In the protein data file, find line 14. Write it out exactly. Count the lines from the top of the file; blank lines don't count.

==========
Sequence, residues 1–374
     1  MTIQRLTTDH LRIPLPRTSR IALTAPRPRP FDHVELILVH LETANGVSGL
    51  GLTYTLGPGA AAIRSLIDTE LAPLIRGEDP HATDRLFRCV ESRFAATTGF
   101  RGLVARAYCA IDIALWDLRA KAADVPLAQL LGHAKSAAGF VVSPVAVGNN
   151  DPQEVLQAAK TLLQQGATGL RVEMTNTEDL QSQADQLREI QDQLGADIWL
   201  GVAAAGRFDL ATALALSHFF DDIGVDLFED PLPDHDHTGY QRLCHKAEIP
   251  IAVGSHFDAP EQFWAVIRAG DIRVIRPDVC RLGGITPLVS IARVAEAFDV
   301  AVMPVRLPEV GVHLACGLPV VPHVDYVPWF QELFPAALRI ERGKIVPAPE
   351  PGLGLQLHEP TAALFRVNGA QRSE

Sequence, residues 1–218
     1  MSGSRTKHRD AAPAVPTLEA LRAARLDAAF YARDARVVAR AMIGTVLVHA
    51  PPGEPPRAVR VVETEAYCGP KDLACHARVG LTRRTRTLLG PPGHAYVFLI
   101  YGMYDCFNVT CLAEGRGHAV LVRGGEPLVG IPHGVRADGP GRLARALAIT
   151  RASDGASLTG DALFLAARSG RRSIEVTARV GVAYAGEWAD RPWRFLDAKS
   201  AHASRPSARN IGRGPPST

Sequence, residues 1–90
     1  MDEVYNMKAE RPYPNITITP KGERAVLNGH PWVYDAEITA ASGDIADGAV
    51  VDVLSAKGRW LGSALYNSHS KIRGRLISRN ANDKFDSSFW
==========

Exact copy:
   151  RASDGASLTG DALFLAARSG RRSIEVTARV GVAYAGEWAD RPWRFLDAKS